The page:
As it turns out, you can download and use iPhone-specific apps on your iPad. I found that out this weekend when I downloaded Snapchat and began to add my friends and family. For those who don’t use Snapchat or aren’t aware of the application, it is a photo and video-sharing application.
But Jess, you might ask, why not just send someone a picture or video text? That’s a great question, I’d respond. One that plagued me for a while. Snapchat was designed (with certain shady intentions) to completely erase the video or photo you send after a certain amount of time. So if you send someone, for example, an ugly picture of your face, and you don’t want it to be around forever, you can set the snapchat’s time limit to 5 seconds. After that, it’s like it never existed.
In it’s own little way, Snapchat is trying to solve a privacy issue that has grown since the age of digital media sharing. I really don’t want to open the floodgates of a discussion about digital privacy, but I will say this – I’m glad the app has started some discussion. Sure, having the ability to send gross pictures of yourself to friends without fear of embarassment is fun, but this app goes beyond that. Snapchat is making it safer for you to be vulnerable online and over text/multimedia messaging systems. Snapchat says you’re in control of what you send, and you don’t have to let your mistakes rule you. It says hey, you may not look your best today, but we’re not gonna remember in ten seconds so it’s fine.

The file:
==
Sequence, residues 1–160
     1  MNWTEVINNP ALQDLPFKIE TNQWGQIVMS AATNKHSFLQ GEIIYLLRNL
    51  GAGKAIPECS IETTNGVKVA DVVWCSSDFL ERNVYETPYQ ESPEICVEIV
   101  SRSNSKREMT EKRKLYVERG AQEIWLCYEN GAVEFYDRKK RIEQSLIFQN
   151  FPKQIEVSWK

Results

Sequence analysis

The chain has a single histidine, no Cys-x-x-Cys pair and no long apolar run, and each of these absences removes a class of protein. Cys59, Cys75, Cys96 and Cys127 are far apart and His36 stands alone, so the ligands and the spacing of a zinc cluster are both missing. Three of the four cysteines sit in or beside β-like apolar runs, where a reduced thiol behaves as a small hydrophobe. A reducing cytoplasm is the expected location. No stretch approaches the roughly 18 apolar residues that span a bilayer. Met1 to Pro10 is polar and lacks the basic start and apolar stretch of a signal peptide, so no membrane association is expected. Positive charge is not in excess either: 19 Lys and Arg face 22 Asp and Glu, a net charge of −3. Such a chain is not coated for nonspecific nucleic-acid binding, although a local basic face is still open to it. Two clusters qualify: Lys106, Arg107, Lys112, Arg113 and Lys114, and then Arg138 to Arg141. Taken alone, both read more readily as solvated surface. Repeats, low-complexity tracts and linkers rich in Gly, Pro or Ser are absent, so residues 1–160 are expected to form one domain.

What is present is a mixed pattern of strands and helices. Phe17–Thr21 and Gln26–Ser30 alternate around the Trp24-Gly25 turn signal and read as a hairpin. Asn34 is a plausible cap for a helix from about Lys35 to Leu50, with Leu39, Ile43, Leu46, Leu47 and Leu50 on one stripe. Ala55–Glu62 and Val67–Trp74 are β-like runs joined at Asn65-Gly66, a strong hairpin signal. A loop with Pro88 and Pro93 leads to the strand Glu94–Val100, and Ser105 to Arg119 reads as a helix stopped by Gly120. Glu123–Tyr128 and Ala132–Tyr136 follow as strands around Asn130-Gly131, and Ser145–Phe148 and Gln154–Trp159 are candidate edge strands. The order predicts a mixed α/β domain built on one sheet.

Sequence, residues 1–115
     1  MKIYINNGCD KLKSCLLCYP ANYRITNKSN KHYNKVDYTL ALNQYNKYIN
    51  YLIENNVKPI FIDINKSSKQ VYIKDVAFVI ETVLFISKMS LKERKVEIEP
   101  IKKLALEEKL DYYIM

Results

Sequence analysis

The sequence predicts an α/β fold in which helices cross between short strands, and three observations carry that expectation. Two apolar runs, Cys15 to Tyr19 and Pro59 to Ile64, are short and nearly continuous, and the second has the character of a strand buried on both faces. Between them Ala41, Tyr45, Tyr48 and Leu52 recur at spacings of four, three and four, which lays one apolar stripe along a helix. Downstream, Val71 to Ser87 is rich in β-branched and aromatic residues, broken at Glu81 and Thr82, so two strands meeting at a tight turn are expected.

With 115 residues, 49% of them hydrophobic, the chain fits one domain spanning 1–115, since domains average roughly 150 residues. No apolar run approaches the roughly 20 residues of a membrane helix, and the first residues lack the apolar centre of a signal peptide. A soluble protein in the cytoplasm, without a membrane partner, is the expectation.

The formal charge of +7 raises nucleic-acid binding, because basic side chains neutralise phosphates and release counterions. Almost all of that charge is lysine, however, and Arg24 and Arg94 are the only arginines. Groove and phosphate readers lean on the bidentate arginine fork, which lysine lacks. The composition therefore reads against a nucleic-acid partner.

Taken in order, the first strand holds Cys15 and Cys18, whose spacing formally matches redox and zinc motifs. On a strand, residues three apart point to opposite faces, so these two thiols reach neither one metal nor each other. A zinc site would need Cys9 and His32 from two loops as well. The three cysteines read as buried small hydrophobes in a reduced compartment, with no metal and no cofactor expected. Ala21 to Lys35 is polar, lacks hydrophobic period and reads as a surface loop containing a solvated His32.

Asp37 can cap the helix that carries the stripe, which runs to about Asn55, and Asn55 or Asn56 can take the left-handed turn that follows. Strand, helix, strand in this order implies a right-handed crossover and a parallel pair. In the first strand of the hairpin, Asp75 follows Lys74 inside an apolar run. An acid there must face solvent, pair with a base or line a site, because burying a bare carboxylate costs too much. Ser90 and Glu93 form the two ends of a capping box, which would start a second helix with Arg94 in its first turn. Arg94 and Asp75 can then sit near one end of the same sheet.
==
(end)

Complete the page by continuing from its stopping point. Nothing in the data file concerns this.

That, my friends, is the beginning of a great friendship – a friendship I didn’t expect to want in the first place.